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Agriculture, fish, water, small business at y2k hearings Thursday
Jeff Atkinson with the Canadian Federation of Agriculture will be
presenting to Industry Canada tomorrow (Thursday) in Ottawa. These hearings
are extremely important. We will be discussing these hearings when we meet
again next Tuesday, May 18, 5:30pm, Centretown Community Health Centre, 420
Anyone can walk in anytime and view the proceeedings as a "witness." Few do
because there is usually no publicity for Parliamentary Hearings, and they
happen during the day. This time, it will be part of a day jam-packed with
interesting presentations on the Retail sector, municipalities, water and
waste, mining, fishing etc. Full info at http://y2k.inode.org, the very
first two links.
HOW TO GET THERE IF YOU'RE IN OTTAWA: Go to the Centre Block ground floor
entrance on Parliament Hill and tell security, "I'm here as a witness to
view the y2k hearings by Industry Canada, room 253-D." They will sign you
in and direct you.
Jeff is available for speaking engagements on y2k. The CFA has no official
position on y2k. However, Jeff personally opposes stockpiling:
"Thanks for the notice about the Centretown meetings. I'm a resident of
Centretown and share some of your Y2K concerns... however I think you may
be jumping the gun if you are already talking about stockpiling food.
"I'm also the Communications Coordinator for the Canadian Federation of
Agriculture and have been working closely with Agriculture and Agri-Food
Canada over the past number of months on the whole issue of Y2K and its
impact on the food production, distribution, and retail industry.
"What you might want to do, first, is ensure that Centretown residents'
homes and businesses are on their way to being Y2K compliant. The best way
for all of us to be collectively prepared for this problem is to reduce the
level of Y2K risk in that little part of the world for which we are
"Following this, Centretown residents need to know the risk of disruption
that are associated with essential municipal services such as telephones,
electricity, water, fire, ambulance and other emergency services. This
information is available through the RMOC.
"As for the food supply, I can tell you that the risk posed by Y2K is
minimal. The greatest risk to the food supply (for Centretown residents)
are those Y2K problems which threaten the ability of food to get into and
be properly stored in the local grocery stores... those being the essential
"Rather than having people fill their basements with potatoes, I think
Centretown residents would be better served by putting pressure in their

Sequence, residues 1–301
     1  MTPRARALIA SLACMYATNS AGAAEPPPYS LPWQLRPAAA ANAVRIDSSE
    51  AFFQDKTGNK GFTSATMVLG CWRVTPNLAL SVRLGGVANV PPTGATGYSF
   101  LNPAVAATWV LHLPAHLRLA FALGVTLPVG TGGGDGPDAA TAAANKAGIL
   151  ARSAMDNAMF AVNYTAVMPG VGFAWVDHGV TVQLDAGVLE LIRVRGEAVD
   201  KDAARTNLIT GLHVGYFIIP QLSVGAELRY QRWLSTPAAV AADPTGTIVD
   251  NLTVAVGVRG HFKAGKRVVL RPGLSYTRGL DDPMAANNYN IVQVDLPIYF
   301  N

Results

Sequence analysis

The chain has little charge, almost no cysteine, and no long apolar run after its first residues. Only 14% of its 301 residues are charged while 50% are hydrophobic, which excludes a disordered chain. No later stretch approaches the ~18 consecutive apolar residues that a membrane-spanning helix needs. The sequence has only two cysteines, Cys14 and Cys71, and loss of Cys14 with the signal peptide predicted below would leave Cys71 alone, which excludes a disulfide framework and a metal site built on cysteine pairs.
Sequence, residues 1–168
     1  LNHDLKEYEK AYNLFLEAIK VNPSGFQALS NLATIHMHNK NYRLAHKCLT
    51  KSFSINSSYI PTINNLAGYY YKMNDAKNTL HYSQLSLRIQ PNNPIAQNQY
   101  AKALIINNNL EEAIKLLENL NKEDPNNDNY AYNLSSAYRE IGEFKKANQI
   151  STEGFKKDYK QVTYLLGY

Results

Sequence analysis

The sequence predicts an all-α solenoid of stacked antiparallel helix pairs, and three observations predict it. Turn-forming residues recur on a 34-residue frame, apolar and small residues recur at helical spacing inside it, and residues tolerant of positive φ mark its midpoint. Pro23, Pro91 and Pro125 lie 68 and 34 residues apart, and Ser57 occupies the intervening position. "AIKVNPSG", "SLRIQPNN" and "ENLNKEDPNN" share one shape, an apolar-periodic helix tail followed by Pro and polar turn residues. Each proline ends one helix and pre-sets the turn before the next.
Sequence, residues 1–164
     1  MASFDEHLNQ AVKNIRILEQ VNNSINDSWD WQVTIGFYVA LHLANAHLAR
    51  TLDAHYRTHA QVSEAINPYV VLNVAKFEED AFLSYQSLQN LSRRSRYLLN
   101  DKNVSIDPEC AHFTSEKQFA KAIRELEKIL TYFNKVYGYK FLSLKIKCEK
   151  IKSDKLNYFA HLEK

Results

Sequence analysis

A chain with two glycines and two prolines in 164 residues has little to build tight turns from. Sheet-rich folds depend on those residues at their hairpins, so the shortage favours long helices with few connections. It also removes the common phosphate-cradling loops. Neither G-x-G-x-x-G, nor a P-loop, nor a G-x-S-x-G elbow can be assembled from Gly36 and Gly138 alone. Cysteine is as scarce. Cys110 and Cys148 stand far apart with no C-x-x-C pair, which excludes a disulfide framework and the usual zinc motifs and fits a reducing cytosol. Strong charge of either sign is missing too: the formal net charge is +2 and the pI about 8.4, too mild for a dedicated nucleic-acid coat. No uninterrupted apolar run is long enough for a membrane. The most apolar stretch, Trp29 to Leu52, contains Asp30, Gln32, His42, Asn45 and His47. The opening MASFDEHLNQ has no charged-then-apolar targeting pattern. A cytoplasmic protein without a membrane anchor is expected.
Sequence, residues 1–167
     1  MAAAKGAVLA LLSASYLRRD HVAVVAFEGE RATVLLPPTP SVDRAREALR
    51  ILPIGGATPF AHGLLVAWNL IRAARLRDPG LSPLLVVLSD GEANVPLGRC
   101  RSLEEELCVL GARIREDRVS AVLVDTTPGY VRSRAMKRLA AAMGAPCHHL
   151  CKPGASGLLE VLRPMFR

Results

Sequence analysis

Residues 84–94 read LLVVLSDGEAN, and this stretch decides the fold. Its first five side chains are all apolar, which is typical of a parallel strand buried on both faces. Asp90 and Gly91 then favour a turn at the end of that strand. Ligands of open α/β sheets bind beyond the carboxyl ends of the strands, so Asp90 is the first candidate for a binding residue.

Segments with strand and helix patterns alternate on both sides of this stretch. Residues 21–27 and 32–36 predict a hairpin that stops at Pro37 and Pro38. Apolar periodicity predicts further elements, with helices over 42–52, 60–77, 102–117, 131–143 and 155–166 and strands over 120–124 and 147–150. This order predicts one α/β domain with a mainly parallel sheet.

local politicians and local governments to ensure that these disruptions do
not occur. Only when it is obvious that the food supply is at risk should
people be encouraged to spend their hard-earned dollars on the stockpiling
of food (and act which in itself poses the greatest threat to the local
food supply... especially for the poor)."
We are distributing a flier (also on our website) which encourages
reasonable stockpiling of food. We still have doubts that the food supply
is immune to y2k disruptions. We abide by the Precautionary Principle:
"When an activity raises threats of harm to the environment or human
health, precautionary measures should be taken even if some cause and
effect relationships are not fully established scientifically." (From
Wingspread Consensus Statement on the Precautionary Principle,
Here is Jeff's first testimony to Industry Canada last November at
Finally, below is Industry Canada's summary of Jeff's testimony last
>>From the Thirteenth Report (Interim) Standing Committee on Industry.
>The committee reports and recommends, but does not direct. That is
>for the govenment to decide.
>Agriculture and Mining Sectors
>The Canadian Federation of Agriculture (CFA), which represents
>through its members over 200,000 Canadian farm families from coast to
>coast, explained that this industry only started its Year 2000
>efforts in early 1998. The CFA's booklet on the Year 2000 problem and
>farmers has been prepared and distributed and the CFA has a Web site
>on the issue. The Committee was informed that, in general, the
>processing industries are well on their way but farms tend not to be
>prepared. As with many sectors, embedded chips are found throughout
>in such equipment as milking machines, feeding systems, and
>environmental controls. The farm sector needs information that is
>farm-specific as well as greater access to expertise.
>The CFA mentioned the "Rural Factor" as one of the unfortunate
>realities of living and operating a business in rural and remote
>areas. For example, failures of power or of pumps at the local gas
>station or disruptions in telephone services, will last longer than
>similar events in more heavily populated areas. Similarly,
>replacement equipment will take longer to deliver and it will
>probably require outside expertise for installation and later repair.
>A part of one of the CFA's recommendations would allow farmers 100%
>immediate write-off for emergency power generators needed as part of
>their Year 2000 contingency planning. The Committee has already sent
>a letter to the Minister of Finance in support of this request
>(Appendix B is a copy of the letter). The Committee has
>concerns that farmers may not have sufficient time and expertise to
>become Year 2000 ready.
Terry Cottam, firstname.lastname@example.org, (613) 236-6433
* Centretown Contact, y2k Regional Preparedness Group
* Ottawa-Carleton Community Preparedness website: http://y2k.inode.org
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